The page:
All children had one visit to the Archives, gathering evidence of the real lives of people in Wellington Workhouse, and at least two to the library – the first visit investigating clues in the building to its past use, the second as location for performance. They learned about what used to go on in the streets and buildings they now use, and developed their own scenarios from the evidence. Performances, using original artefacts, took place in school assemblies, drama studio and on location.
The final DVD included a short edited film telling the story with narration written by the children, and full length films, including rehearsal, as a record of the whole project - enabling all children to be completely involved and have the opportunity to see/own a copy for their own archive. Copies of the DVD and material researched for the project are being used to create resource packs for KS2/3 History teachers and the participating schools had their own resource pack which will be of use in future local / Victorian curriculum work.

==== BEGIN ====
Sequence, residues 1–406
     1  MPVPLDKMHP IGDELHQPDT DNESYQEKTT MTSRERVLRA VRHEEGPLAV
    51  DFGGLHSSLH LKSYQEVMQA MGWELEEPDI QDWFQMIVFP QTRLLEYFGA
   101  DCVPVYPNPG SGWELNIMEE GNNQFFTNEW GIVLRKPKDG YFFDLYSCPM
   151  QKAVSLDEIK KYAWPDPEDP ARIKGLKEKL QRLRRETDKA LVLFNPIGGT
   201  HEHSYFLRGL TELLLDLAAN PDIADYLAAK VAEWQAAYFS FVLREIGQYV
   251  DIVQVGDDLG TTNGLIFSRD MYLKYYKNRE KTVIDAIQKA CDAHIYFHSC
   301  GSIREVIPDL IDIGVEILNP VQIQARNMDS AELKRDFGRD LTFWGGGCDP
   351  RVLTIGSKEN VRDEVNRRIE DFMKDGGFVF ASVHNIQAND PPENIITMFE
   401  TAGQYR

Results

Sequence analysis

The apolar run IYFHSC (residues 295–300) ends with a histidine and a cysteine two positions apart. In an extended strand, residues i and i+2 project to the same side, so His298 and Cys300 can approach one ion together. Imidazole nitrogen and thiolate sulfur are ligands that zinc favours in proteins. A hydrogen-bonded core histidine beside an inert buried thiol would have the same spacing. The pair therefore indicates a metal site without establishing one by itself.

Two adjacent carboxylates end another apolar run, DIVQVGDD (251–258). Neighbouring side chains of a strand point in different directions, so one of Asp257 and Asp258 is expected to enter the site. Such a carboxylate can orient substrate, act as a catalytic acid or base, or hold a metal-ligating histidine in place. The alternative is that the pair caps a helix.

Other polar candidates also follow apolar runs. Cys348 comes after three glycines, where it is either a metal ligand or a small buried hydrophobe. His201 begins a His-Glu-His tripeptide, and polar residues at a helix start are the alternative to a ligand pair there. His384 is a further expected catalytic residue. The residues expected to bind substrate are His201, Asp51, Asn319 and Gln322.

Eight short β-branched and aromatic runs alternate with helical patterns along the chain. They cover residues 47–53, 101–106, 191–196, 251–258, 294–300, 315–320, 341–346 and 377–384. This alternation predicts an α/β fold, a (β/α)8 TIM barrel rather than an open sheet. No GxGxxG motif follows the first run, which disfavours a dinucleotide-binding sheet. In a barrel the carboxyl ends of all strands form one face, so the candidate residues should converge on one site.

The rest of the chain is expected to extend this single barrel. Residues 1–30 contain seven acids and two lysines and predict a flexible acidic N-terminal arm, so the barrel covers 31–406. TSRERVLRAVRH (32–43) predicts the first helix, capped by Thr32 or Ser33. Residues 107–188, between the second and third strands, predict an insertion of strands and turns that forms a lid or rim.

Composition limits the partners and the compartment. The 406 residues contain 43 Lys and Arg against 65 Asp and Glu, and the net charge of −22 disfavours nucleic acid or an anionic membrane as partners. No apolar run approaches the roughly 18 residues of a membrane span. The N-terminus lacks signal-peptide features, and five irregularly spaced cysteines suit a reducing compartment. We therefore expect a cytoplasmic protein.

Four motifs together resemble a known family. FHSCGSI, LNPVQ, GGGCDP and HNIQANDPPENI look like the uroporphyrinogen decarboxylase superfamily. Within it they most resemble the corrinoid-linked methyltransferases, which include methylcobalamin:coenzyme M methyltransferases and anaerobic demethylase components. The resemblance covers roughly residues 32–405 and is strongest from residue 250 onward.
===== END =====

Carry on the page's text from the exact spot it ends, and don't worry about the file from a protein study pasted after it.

Our ambition was to help the children learn how to find out about the past in their own locality. To understand how archives and artefacts can be used to explain, tell or inspire a story and present their work to an audience in a historic building. To learn drama skills – acting, costume and set development, and participate in professional filming.
An extension of the project with a group of gifted & talented children has been funded through Engaging Places, and the children met and interviewed the librarian and architect involved in designing the new Wellington library. They have created their own questionnaires, designs, model of teenage section and presentation which will be presented in London & Wolverhampton.